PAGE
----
COVID-19 experience working from home

Like tens or hundreds of thousands of others, I am working from home while the coronavirus pandemic sweeps the United States and the rest of the world.

Here are a few observations about my experience working from home. I’m a software engineer, and I realize that my experience is different from that of hardware engineers, QA folks, customer solutions agents, teachers, and even from other software engineers.

Sleep. The first several days, I worked from my bedroom, which has a great view of the outside world, but I found it difficult to sleep restfully at night. Once my wife shut down her in-home preschool, I moved to working from one of the two preschool rooms, and now I sleep quite well at night. It’s good to have a separate work place.

Exercise. Working from home, I feel more fidgety… maybe I move around less, because there are fewer meetings, and fewer impromptu discussions. So I feel a strong need to get out of the house and work in the yard (pruning, since it’s spring), take a walk or ride a bike.

Convenience. The kitchen and bathroom are closer. If I want to take a nap, no problem — I’ve got a comfortable bed nearby. Taking a walk around the block is a piece of cake — the front door isn’t that far away compared to when I’m working in the office.

Interruptions. Most of my children are teenagers, and believe it or not, I have fewer interruptions at home than I do at work. When my children are doing their remote school, two of them are in the same room as me, with headphones in their ears, and it’s so quiet that I can hear a pin drop.

Social. I enjoy the more frequent face to face interactions with my wife and children. I miss the face to face interactions with my coworkers. Video conferencing is a great invention, and yet it’s not the same as being there.

Communication. There are a lot fewer impromptu hallway discussions with coworkers, and more with family members. I’m not sure if we’re better at communicating with slack now that we’re all remote or not.

Internet. We have excellent wireless internet service. Since our entire family is working/schooling from home, we notice much more quickly when there’s network latency or poor quality.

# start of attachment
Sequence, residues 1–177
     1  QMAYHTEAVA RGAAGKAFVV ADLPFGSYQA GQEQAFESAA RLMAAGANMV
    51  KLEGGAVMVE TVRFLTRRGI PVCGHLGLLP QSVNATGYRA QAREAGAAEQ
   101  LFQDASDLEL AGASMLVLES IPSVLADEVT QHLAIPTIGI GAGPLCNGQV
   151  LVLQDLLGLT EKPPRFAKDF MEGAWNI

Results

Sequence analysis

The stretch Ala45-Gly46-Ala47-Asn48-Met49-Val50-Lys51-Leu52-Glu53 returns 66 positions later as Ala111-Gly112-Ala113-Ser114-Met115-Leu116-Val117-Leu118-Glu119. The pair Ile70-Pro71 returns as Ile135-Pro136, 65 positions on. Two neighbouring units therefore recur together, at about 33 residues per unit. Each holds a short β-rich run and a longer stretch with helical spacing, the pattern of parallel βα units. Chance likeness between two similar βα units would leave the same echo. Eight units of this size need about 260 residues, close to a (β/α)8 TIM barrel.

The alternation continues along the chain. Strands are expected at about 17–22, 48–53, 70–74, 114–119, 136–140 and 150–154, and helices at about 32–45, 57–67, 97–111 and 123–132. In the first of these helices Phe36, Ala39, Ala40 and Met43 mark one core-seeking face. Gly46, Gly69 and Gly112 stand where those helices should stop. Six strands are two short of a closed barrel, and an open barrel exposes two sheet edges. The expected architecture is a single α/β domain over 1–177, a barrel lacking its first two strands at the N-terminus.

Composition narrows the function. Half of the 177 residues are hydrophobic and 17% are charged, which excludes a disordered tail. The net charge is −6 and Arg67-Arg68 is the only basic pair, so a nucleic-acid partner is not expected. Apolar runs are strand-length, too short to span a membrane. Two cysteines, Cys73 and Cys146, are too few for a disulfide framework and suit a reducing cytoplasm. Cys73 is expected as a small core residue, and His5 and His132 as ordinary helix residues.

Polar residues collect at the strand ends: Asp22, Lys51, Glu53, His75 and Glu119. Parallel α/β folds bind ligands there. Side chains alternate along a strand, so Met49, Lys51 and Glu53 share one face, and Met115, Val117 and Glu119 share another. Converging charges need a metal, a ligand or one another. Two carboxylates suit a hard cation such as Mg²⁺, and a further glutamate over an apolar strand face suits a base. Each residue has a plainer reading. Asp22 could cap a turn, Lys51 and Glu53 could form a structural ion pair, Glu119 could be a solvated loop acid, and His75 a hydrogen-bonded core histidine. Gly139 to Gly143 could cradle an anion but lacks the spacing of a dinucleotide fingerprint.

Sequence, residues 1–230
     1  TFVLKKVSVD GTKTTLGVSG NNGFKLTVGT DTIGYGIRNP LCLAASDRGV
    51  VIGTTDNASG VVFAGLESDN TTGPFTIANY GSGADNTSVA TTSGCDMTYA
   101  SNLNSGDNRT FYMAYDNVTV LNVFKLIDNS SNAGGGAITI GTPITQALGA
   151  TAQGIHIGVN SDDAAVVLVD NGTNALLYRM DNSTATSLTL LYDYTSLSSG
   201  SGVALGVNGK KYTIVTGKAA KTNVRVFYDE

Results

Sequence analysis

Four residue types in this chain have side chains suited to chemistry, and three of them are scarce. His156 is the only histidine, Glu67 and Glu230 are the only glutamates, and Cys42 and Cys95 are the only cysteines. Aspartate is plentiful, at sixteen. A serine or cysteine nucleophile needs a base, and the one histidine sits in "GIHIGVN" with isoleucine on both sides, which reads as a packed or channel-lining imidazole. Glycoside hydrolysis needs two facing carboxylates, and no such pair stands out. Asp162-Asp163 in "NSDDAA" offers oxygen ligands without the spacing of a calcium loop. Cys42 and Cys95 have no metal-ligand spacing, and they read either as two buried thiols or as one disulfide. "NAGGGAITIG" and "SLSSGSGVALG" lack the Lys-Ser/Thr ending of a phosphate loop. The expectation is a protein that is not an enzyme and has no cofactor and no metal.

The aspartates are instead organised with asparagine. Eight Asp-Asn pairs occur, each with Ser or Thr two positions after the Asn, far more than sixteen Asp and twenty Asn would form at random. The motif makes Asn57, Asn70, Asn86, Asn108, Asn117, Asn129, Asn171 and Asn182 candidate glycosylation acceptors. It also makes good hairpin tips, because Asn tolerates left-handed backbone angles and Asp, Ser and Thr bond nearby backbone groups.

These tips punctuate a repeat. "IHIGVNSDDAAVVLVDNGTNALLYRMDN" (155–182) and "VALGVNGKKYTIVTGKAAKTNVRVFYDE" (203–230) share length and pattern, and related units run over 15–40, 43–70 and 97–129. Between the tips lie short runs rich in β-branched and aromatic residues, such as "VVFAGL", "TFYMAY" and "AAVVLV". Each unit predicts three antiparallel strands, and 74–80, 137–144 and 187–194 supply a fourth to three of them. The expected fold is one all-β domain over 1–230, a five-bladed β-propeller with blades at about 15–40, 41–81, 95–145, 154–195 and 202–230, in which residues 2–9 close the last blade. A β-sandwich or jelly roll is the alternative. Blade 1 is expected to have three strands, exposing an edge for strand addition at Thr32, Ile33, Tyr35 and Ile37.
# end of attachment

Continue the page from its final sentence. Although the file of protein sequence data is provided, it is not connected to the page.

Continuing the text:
Up to now, we’ve used a Disney Circle for parental control, and we knew it caused problems on a nearly weekly basis (it does ARP poisoning of a local network), especially for managed devices. With remote school, Circle started breaking things on a daily basis, so I turned Circle off.

I found that 5 Ghz WiFi on the main floor of our house doesn’t penetrate the floor and walls to the basement, and so I pulled my old ASUS WiFi router out of storage, put it in access point mode in our basement, installed a firmware update, and wired it to the router upstairs. Now I get better speeds and connectivity.

Commute. I had a great commute before, but it’s even better now. With so many people staying home, the air is cleaner.

Productivity. My productivity ebbs and flows at work, and the same is true while working from home. Overall, I feel a bit less productive working from home. I’m more inclined to put my Slack app in “do not disturb” mode when I finish working.

Captive portal detection

I did a wireshark dump on my Ubuntu 18.04 laptop and noticed that both Firefox and Ubuntu do captive portal detection. Of the two, I think the Firefox method is simpler to implement and use.

Firefox does an HTTP GET on
Responds with HTTP 200 OK with a Content Type of text/plain and a body of “success\n”

Ubuntu does an HTTP GET on
Responds with HTTP 204 and a header of X-NetworkManager-Status: online\r\n

Notice that captive portal detection uses an unencrypted transport — http, and not https.